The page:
May 4, 2021


Asthma is a chronic inflammatory disease of the bronchi that manifests itself by: attacks of shortness of breath, coughing, wheezing, and sometimes permanent difficulty in breathing. Asthma results from the association of a genetic predisposition to allergy and favorable environmental factors, such as pollen, dust mites, animal dander and hair, cockroaches, mold, etc. Although there is often a family predisposition to the onset of asthma, its transmission from parents to their children is not systematic.

In a person with asthma, the bronchi are abnormally sensitive to certain factors such as exercise, cold, cigarette smoke or exposure to substances that cause an allergic reaction (allergens). This greater sensitivity (“hyper-reactivity”) of the bronchi is the consequence of their permanent inflammation. When inflamed bronchi are attacked (by allergens, smoke, cold, dry air, pollution, etc.), they react by contracting and producing mucus. This reaction interferes with the passage of air in the bronchi: it is an asthma attack.

Globally, the proportion of asthmatics in the population is estimated at around 5% of adults and 10% of children, or 200 million asthmatics on our planet.

All countries are affected. The frequency of the disease is increasing in all countries, as is that of allergy, with stronger growth in industrialized countries where the number of asthmatics has doubled in the last fifteen years.


Many factors can be the cause of an asthma attack in people prone to this disease: allergies to dust mites, cockroaches, animal hair, etc. Other causes are less well known but there are more and more allergies to other animals (rodents, birds, etc.), to indoor plants (ficus, flower pollens, etc.), sometimes to food for aquarium fish (bloodworms or chironomids).




By maintaining optimal opening of the bronchi, disease-modifying asthma treatments restore airflow and therefore improve respiratory function. The disease-modifying treatment also helps prevent the onset of permanent and disabling respiratory failure.

Medicines prescribed for the maintenance treatment of asthma have very few or no side effects if used at the lowest effective doses (i.e. the lowest dose that can effectively control asthma). To find these minimum effective doses, gradual dose reduction is often offered in three month increments once asthma is under control.

The mainstay of asthma treatment is aimed at preventing or limiting the occurrence of attacks. It does not work immediately and to be effective it must be taken every day. Two families of drugs are mainly used in the maintenance treatment of asthma: corticosteroids, strong anti-inflammatory drugs, and long-acting bronchodilators. Their use in inhaled form allows them to be delivered directly into the lungs and to avoid side effects on the body.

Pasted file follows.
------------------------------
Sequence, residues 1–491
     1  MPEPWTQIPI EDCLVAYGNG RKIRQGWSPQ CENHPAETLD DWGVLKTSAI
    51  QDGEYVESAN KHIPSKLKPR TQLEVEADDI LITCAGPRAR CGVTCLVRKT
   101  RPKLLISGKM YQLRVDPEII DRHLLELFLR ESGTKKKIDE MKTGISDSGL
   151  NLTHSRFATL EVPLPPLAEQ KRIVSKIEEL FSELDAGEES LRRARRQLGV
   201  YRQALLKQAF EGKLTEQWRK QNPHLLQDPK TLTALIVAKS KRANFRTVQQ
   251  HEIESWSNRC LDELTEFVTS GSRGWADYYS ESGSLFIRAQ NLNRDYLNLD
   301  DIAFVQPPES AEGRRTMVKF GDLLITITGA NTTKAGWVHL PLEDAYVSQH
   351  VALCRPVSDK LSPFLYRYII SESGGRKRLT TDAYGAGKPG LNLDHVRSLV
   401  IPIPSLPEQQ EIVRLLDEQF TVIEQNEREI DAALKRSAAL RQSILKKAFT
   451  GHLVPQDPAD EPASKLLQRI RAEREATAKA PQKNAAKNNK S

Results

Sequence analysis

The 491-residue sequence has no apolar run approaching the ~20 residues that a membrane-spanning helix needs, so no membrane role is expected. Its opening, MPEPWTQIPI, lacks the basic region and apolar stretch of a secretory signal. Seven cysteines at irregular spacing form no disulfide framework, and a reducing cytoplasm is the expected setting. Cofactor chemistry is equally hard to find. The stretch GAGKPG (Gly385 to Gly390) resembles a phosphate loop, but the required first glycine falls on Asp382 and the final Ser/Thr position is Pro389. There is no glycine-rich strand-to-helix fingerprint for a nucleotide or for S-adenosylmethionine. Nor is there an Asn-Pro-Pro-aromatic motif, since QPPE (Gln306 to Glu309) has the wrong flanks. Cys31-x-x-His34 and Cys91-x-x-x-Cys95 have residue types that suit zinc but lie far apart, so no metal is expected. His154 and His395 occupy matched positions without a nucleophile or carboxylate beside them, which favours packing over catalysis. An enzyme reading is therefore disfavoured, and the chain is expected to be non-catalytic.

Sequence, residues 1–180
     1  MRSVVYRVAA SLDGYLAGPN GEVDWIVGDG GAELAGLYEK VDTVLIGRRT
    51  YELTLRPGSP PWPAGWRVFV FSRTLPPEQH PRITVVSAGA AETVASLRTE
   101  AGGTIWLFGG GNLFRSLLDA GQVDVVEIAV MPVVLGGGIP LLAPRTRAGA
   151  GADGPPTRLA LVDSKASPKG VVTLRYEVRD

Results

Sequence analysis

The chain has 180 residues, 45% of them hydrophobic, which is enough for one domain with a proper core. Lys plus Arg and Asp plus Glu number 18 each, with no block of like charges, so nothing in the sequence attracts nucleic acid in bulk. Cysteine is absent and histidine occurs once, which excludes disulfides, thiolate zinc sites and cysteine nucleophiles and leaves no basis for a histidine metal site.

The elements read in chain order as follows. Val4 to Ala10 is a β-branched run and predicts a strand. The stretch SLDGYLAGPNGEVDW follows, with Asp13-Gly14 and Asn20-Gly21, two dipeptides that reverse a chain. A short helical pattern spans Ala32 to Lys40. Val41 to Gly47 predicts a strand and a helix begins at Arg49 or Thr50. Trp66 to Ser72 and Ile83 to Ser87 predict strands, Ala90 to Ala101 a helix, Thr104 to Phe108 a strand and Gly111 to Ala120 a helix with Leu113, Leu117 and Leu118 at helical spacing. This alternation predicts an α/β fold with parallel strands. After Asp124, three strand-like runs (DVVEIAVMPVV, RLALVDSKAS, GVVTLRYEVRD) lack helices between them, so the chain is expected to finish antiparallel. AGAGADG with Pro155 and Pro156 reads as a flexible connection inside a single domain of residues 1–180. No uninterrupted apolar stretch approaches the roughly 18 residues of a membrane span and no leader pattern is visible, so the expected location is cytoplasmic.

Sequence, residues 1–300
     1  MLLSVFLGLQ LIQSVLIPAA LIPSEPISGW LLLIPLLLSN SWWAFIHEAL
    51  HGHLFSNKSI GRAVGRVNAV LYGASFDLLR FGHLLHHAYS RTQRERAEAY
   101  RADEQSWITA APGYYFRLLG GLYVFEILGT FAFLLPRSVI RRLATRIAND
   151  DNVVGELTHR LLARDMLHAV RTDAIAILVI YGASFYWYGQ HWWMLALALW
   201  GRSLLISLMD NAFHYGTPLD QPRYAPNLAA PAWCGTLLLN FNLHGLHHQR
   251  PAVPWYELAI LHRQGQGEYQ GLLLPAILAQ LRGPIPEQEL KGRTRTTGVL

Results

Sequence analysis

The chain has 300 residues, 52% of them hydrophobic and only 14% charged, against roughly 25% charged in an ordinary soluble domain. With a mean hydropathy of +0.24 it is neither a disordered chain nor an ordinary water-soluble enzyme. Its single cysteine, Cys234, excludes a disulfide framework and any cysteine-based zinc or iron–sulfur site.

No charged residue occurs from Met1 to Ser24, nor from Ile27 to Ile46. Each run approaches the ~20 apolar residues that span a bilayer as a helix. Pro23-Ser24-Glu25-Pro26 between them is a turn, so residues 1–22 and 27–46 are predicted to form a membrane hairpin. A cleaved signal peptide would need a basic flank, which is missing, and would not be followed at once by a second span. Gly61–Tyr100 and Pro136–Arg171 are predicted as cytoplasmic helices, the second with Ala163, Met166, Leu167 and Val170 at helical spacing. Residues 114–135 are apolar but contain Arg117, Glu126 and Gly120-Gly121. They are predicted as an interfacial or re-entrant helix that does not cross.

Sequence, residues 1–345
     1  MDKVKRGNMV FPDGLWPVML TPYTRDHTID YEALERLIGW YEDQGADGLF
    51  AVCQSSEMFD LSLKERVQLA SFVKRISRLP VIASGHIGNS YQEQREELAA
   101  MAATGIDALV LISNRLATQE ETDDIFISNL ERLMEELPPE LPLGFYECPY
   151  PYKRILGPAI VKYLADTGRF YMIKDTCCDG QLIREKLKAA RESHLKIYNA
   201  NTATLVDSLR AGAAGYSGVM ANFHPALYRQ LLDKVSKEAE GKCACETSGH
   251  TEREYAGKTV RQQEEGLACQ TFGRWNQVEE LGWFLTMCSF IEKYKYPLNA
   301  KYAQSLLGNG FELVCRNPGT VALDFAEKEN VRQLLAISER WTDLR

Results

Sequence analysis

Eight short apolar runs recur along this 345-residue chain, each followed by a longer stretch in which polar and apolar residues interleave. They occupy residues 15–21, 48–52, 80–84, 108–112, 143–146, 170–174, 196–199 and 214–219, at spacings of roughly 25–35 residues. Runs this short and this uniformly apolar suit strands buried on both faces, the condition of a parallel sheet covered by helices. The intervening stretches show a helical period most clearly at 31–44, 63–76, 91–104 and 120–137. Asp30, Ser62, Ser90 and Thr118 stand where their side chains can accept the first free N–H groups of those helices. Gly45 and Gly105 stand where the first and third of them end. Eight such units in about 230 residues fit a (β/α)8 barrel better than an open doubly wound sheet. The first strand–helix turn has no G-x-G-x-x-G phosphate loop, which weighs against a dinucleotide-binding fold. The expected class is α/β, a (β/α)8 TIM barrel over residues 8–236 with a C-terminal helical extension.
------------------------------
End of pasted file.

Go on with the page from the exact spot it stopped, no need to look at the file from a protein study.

Other medicines are also offered as alternatives: montelukast, prolonged-release theophylline, tiotropium and, after specialist advice, omalizumab, benralizumab, mepolizumab or reslizumab.


An asthma attack requires prompt treatment to dilate the bronchi, to increase air circulation in the lungs, and to reduce inflammation in the bronchi.



Fast-acting bronchodilators work by relaxing the muscles around the bronchial tubes, making it easier for air to pass and providing quick relief from breathing. Their action is rapid (a few minutes) and limited in time (four to six hours).



During an asthma attack, the action to take varies depending on whether it is an attack that stops quickly or not.



At the first signs (shortness of breath, chest tightness, cough, etc.), the usual treatment is two puffs (if it is a metered-dose inhaler) or one inhalation (in the case of a powder inhaler) a fast-acting beta-2 mimetic bronchodilator.

After ten to fifteen minutes, if the discomfort persists, you can take two puffs of metered-dose aerosol or one inhalation of powder.

After another ten to fifteen minutes and if the symptoms still have not gone away, you can take another two to four puffs of the spray, or one to two inhalations of powder.

A simple attack should stop after taking six to eight puffs of aerosol (or three or four inhalations of powder).

It is also necessary to eliminate the possible triggering factors: allergens, cigarette smoke, cold, etc.



If there is no improvement after inhaling six to eight puffs of aerosol (or three or four inhalations of powder) of beta-2-mimetic bronchodilators, if the peak expiratory flow (PEF) is less than 50% of the reference value or if the crisis starts again quickly, it is a so-called “severe” crisis. It is then necessary simultaneously:

  • increase the doses of beta-2 mimetic bronchodilators by inhalation or subcutaneous injection;
  • take corticosteroids in tablets (according to the dose prescribed by the doctor);
  • notify a doctor immediately.

If there is no improvement, or if there is a real feeling of suffocation from the outset, consider this to be a severe acute asthma, and call a medical intervention team at home. Severe acute asthma attacks usually require corticosteroid injections for a few days. In all cases, it is necessary to find and treat the triggering factor in question: exposure to an allergen, infection, cold, smoke, etc.


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